• Gov. Susana Martinez is apparently OK with tripling the state’s medical marijuana harvest, but adamantly opposed to growing hemp.
    Why?
    The variety of cannabis commonly known as “industrial hemp” is cousin to marijuana, but without the psychoactive components. You could burn a bushel in your bong without inducing anything more than a dull headache.
    Although lacking medicinal value or recreational appeal, hemp is an enormously useful plant. The seeds are a high-protein food source, and the oil can be used in cooking as well as in paint, wax and numerous other applications. The fiber from the stalks is similar to linen and is used in clothing, insulation, carpeting, paper and rope.
    Hemp could be “a hugely beneficial cash crop” for New Mexico farmers, according to Stuart Rose, founder of the Bioscience Center, a business incubator in Albuquerque.
    It requires much less water than cotton and literally grows like a weed, without expensive pesticides and fertilizer.
    “You can grow twice the value of alfalfa for half the water,” Rose said.

  • THIS WEEK
    ON PAC 8

    Views expressed on programs shown on PAC 8 do not necessarily reflect the views of the manager, staff, or board.

    Friday, May 29, 2015
    06:00 AM Democracy Now! – Live
    10:00 AM The Tom Hartman Program
    11:00 AM County Council Meeting – Replay – 5-26-15
    02:00 PM Los Alamos Nature Center Opening Ceremony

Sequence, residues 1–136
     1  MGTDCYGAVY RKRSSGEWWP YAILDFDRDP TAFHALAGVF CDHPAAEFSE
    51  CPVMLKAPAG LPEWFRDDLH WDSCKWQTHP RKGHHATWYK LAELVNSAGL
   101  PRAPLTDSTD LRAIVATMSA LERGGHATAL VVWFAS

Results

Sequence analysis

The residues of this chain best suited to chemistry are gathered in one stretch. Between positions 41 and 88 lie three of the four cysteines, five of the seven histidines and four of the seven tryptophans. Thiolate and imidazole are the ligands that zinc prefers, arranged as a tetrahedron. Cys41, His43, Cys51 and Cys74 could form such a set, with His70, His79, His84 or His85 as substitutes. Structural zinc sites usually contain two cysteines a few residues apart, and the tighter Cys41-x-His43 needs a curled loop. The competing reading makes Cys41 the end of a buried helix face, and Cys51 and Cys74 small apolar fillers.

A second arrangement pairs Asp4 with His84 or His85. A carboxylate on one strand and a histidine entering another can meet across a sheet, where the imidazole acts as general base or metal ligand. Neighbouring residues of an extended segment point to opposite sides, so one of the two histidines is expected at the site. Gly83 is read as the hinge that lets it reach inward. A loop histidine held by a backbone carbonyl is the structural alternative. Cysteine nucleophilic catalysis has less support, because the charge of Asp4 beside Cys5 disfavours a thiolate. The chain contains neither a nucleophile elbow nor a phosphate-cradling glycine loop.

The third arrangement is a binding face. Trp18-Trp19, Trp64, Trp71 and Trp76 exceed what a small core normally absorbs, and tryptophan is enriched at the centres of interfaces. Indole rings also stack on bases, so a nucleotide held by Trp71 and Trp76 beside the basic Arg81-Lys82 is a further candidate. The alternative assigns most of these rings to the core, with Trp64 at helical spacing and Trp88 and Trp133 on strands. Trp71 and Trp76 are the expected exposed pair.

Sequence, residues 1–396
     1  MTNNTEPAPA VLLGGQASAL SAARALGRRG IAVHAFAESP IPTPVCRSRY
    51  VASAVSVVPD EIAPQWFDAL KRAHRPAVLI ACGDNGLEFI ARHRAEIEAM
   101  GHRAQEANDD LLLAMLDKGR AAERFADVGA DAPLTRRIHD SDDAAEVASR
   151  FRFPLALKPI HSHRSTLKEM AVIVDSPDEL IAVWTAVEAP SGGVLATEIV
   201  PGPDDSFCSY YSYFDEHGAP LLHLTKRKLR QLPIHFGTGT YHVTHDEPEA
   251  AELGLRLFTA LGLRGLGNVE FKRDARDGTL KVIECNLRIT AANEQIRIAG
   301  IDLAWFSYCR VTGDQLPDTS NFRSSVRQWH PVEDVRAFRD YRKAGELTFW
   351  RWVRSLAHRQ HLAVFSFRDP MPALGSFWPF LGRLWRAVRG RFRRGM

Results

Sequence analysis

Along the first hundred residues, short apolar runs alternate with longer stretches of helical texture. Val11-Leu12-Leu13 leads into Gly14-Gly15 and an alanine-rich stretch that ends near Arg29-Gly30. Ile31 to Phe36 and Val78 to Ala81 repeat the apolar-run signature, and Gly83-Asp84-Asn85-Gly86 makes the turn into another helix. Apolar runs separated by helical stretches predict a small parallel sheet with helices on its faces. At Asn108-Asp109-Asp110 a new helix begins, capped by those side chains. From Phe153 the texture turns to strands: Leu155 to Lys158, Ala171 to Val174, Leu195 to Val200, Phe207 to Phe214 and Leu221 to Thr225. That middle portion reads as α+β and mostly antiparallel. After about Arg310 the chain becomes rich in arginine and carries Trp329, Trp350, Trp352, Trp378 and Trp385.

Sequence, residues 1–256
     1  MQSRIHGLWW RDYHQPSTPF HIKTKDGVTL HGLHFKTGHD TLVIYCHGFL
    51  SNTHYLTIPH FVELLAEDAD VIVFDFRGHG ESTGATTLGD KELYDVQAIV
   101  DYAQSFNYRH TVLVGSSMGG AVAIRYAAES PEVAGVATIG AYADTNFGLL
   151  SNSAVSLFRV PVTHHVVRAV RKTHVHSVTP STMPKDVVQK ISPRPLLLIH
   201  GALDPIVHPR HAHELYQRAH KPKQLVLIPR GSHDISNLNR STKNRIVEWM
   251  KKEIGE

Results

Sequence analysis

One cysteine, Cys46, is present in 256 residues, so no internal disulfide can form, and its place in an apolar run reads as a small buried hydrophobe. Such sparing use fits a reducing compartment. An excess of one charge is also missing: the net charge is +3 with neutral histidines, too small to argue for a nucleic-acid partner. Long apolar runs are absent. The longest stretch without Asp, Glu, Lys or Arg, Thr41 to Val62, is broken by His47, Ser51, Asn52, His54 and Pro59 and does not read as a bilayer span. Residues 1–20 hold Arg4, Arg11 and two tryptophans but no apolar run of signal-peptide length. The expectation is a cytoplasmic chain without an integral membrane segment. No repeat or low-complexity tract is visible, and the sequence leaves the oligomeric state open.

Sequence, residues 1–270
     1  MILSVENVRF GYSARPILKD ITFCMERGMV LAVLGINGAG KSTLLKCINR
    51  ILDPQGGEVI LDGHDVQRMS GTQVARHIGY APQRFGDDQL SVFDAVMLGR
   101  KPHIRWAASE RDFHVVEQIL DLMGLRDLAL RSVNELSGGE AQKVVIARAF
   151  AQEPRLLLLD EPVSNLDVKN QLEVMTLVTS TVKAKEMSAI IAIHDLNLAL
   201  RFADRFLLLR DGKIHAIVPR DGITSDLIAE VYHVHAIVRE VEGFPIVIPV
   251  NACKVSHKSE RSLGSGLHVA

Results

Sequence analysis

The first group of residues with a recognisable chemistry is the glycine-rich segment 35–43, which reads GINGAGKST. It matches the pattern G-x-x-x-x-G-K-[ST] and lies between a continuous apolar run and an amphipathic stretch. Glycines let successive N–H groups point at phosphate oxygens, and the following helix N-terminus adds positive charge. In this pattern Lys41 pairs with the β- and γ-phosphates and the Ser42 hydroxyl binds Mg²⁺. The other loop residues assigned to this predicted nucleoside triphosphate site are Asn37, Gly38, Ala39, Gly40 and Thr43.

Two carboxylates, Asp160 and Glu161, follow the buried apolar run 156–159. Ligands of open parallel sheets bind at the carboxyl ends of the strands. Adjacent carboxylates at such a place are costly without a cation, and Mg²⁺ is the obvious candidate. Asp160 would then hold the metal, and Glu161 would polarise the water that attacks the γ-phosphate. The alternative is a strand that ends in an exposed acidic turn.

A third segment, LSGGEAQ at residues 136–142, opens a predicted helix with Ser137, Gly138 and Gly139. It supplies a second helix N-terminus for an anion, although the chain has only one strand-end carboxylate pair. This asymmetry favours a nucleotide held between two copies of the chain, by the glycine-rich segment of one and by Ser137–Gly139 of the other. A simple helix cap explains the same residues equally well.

03:00 PM Road to Recovery
    04:00    PM Uprising
    05:00 PM Democracy Now!
    06:00 PM United in Christ
    07:00 PM Los Alamos Historical Society – “Exploring Mars
     with the Curiosity Mars Rover”
    08:30 PM The Garage
    09:00 PM Bongo Boy Rock and Roll
    09:30 PM Golf Course Opening Ceremony
    10:00 PM Living Treasures Ceremony
    12:00 AM Free Speech TV

    Saturday, May 30, 2015
    Free Speech TV

    Sunday, May 31, 2015
    06:00 AM FSTV
    05:30 PM Key to the Kingdom
    06:00 PM Drawing Men to Christ
    07:00 PM United Church
    08:30 PM Trinity on the Hill
    09:30 PM Generations
    11:00 PM That Which Is
    12:00 PM Free Speech TV

    Monday, June 1, 2015
    06:00 AM Democracy Now! LIVE
    10:00 AM The Tom Hartman Program
    11:00 AM Elizabeth Clare Prophet

  • Art exhibits
    Footprints: The Inspiration and Influence of Allan Houser. Through May 2015 at the Museum of Indian Arts and Culture, 708 Camino Lejo in Santa Fe.

    Artist Julia Roberts: Etchings & Collagraphs at New Concept Gallery, 610 Canyon Road in Santa Fe.  Show runs until June 1.

    Zane Bennett Contemporary Art announces “Creating Shape.”  Zane Bennett Contemporary Art will unveil to the public for the first time the latest acquisitions.  The exhibition will feature works by Karen Yank. The opening will be 5-7 p.m. Friday. Show runs until June 19.